With warmer, drier conditions experienced during longer fire seasons, the effects of wildfires on both properties and human life have increased, leaving many homeowners and communities unprepared. According to Verisk’s 2019 Wildfire Risk Analysis, nearly 4.5 million homes in the U.S. are at high or extreme risk of wildfires, 2 million of which are in California alone.[1] Wildfire risk is also increasing throughout the country as newer homes are built near wildlands. The “wildland-urban interface” (WUI)—the transition areas between unoccupied land and human development—is growing in size and putting communities at greater risk for wildfire. From 1990 to 2010, the WUI increased from 30.8 to 43.4 million homes and expanded in surface area from 143,568,227 acres to 190,271,144 acres.[2]


Policymakers must collaborate with and allow for private sector innovation and participation. To ease the financial risk of wildfires to taxpayers and homeowners, private companies can implement weather-risk transfer contracts in sectors and locations vulnerable to wildfire risk. Such a move will help mitigate costs of weather sensitivities across various industries and assist homeowners and renters to better understand the risks associated with properties. The methods employed in building new and modernizing existing homes and businesses also merit reconsideration. Climate-resilient buildings can save crucial taxpayer dollars. Adapting construction practices to meet the demands of a changing climate and incentivizing projects that increase the resilience of existing structures are logical steps that better protect our communities and will prove to be cost-effective over time.

Significant steps should also be taken to protect homeowners and renters from and inform them of wildfire risk. Policymakers should require enhanced disclosures on real estate transactions so that homebuyers and renters better understand the catastrophic risks associated with properties. Supporting buyer education will create a more informed purchasing decision that energizes homeowners to implement pre-disaster mitigation strategies, such as planting fire-resistant shrubbery around their property. Beyond education, tax holidays and tax-preferred savings accounts for disaster supplies can serve as incentives to promote disaster preparedness.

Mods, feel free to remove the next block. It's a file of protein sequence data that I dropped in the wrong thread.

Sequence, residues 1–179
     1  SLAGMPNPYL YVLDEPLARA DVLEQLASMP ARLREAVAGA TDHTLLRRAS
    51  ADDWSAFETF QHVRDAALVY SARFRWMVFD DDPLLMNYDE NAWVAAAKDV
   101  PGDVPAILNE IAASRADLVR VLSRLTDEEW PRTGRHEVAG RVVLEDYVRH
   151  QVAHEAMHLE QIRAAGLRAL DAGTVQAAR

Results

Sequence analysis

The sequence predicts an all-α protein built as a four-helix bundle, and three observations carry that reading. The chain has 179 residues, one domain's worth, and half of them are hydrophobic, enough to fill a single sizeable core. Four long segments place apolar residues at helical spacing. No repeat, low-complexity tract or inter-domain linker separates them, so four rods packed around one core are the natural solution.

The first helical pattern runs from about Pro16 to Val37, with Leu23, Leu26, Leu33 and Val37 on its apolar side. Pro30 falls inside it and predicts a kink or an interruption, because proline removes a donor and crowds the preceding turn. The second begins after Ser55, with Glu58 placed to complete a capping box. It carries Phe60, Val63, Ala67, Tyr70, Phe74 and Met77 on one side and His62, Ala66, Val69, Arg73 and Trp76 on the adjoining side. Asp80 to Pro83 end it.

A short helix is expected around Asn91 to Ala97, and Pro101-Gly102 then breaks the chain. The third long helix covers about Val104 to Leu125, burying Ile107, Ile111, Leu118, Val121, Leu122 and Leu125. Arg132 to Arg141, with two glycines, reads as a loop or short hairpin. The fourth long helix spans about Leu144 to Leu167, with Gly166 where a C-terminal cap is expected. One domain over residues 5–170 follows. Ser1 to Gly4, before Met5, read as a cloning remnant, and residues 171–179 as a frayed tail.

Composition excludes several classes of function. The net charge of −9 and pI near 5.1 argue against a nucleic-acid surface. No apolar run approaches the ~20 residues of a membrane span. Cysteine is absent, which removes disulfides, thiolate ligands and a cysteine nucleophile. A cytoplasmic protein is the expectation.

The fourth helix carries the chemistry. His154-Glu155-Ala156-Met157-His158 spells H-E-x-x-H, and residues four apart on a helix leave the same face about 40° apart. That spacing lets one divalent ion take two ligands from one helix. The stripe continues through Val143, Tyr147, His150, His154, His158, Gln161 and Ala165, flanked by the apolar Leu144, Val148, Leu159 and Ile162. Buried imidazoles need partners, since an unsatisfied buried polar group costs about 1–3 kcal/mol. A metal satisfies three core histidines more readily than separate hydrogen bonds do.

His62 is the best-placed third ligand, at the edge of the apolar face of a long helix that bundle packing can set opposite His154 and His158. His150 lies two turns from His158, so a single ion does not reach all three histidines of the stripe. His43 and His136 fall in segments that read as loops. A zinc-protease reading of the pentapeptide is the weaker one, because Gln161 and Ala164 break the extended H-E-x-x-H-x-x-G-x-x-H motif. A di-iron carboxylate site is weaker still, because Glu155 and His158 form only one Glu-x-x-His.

Policy Recommendations

  • Adopt research-based methods to increase fire safety and build resilient communities.
  • Promote federal incentives for projects that increase resilience to wildfire risk.
  • Require enhanced disclosures on real-estate transactions.
  • H.R. 5709, the Climate Resilient Communities Act, to reduce the risk of catastrophic wildfires, along with smoke and economic losses that wildfires cause, and require the GAO to issue a report on how FEMA considers climate resiliency.
  • S. 3349, the Built to Last Act, to improve infrastructure resiliency by ensuring that standards-developing organizations that issue building codes have access to forward-looking meteorological information, including data on wildfires and other environmental trends, from NIST and NOAA.
  • H.R. 5494, the Catastrophe Loss Mitigation Incentive and Tax Parity Act, to exclude from gross income, for income tax purposes, any qualified catastrophe mitigation payment made under state-based catastrophe loss mitigation programs.



[1] https://www.verisk.com/insurance/visualize/verisk-2019-wildfire-risk-analysis-highlights-evolving-peril/

[2] https://www.nrs.fs.fed.us/news/release/wui-increase